WFP Provides $214 Million To Help With Food Crisis
UN agency provides $214 million to help 16 countries cope with food crisis
12 August 2008 - The United Nations World Food Programme (WFP) has announced the roll-out of a $214 million response to help millions in 16 countries hit hard by high food and fuel prices.
The funds will provide critical assistance by providing life-saving food rations to highly vulnerable groups, continuing to feed school-aged children even while school is out, and giving supplemental food to pregnant women and young children whose mental and physical development is at stake.
WFP also aims to expand food aid to urban areas hardest hit by high food prices, including through cash and vouchers, and to support small farmers and markets in countries where the agency will purchase food assistance locally, through the initiative.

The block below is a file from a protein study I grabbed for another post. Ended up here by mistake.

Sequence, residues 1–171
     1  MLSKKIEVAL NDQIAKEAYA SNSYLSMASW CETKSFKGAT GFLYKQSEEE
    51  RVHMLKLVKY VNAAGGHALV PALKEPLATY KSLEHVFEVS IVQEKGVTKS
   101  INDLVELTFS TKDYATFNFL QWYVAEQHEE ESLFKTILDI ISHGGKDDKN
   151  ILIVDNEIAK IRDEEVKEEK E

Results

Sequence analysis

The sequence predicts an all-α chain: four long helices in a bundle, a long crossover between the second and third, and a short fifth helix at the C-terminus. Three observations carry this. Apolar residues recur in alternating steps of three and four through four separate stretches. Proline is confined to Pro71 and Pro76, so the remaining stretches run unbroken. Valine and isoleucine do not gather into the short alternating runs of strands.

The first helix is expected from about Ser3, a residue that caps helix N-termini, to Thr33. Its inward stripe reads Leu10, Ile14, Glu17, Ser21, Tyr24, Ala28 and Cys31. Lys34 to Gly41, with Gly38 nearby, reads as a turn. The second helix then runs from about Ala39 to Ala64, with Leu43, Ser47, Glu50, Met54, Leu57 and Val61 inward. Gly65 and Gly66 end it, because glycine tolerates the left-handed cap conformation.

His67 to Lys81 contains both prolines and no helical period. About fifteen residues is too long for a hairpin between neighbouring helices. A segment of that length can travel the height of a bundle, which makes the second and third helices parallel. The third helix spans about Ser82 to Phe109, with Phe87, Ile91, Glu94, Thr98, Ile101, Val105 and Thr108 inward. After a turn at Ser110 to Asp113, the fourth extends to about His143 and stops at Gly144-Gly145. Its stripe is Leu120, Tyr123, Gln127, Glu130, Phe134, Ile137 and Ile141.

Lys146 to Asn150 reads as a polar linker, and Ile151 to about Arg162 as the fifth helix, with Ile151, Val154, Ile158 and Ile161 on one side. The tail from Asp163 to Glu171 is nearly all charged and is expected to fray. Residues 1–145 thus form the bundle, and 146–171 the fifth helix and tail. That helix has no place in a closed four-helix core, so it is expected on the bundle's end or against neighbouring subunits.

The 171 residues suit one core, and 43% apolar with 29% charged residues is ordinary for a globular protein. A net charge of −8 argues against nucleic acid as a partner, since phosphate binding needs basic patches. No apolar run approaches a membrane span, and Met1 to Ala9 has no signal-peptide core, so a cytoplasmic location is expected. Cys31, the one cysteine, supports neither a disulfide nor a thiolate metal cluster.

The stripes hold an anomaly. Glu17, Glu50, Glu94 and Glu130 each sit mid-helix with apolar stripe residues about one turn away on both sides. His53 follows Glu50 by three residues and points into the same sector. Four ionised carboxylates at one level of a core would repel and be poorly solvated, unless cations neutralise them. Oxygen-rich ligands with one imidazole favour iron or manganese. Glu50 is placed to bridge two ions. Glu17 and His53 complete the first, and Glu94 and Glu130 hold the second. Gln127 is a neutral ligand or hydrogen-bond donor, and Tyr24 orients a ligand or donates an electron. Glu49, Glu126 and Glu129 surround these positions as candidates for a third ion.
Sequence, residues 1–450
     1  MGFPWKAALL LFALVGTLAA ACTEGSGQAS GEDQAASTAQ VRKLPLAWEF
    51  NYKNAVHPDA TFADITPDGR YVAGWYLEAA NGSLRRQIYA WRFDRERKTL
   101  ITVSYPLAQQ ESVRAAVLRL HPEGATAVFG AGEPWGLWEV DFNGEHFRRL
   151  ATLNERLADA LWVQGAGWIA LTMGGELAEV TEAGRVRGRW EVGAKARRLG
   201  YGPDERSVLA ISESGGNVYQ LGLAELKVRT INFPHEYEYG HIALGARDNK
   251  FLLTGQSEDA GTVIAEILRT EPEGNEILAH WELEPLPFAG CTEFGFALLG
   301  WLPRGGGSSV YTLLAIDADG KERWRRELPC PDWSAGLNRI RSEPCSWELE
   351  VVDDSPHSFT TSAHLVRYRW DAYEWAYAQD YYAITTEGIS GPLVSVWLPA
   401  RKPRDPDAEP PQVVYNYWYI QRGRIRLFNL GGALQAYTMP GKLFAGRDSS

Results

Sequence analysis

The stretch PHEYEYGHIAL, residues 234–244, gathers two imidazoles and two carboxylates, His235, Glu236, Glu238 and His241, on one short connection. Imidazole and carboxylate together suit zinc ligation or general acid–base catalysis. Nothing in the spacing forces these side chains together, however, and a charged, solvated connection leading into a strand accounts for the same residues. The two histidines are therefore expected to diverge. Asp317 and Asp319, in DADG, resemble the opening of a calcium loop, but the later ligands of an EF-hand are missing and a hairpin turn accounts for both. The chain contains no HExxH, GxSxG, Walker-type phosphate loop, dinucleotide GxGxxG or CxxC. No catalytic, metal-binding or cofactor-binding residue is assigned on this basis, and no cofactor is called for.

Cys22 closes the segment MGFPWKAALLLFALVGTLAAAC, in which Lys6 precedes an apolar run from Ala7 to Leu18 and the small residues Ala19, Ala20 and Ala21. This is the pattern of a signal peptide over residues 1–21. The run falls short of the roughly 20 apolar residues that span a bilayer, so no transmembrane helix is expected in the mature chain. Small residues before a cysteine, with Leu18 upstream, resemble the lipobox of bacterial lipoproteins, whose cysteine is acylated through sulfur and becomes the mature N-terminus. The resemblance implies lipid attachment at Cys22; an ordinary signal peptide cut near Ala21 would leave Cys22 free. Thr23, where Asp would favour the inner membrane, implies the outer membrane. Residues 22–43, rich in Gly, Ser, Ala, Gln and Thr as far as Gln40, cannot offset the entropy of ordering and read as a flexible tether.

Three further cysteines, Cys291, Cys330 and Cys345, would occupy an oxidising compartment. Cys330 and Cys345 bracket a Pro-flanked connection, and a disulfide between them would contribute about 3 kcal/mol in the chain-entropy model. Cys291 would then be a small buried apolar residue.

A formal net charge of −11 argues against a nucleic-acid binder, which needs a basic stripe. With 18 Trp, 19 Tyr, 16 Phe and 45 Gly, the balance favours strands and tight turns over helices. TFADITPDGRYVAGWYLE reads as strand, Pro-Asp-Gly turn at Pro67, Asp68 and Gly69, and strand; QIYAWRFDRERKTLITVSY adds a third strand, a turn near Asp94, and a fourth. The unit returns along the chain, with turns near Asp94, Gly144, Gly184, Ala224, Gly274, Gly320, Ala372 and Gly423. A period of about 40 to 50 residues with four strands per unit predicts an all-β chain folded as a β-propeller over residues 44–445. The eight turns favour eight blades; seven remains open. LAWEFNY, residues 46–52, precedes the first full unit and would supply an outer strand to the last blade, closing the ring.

"With hunger on the rise, we are doing our best to stream incoming contributions to the people most in need in Africa, Asia and the Caribbean," said WFP Executive Director Josette Sheeran. "It is essential to launch a bold new set of responses to stem a full-blown hunger and nutritional crisis."
Ms. Sheeran noted that impoverished families that already spend more than 60 per cent of their income on food are eating less, buying less nutritious foods, cutting out education and healthcare, and taking on more debt.
"Food prices are not abating, and the world's most vulnerable have exhausted their coping strategies," she said. "Our action plan is targeted and customized to help the most vulnerable meet their urgent needs."
The new funding will assist people in Djibouti, Ethiopia, Ghana, Guinea, Haiti, Liberia, Mauritania, Mozambique, Nepal, Pakistan, Senegal, Somalia, Tajikistan, Uganda, Yemen and the occupied Palestinian territory.
At the World Food Security conference in Rome in June, WFP announced a $1.2 billion cash package for 62 countries hit by high food prices.
As a result of the rise in food prices, WFP's budget to reach 90 million people worldwide in 2008 has risen from $3.1 billion to nearly $6 billion. So far, the voluntarily-funded agency has raised about half of its budget for this year, including through a historic $500 million donation by the Saudi Government earlier this year.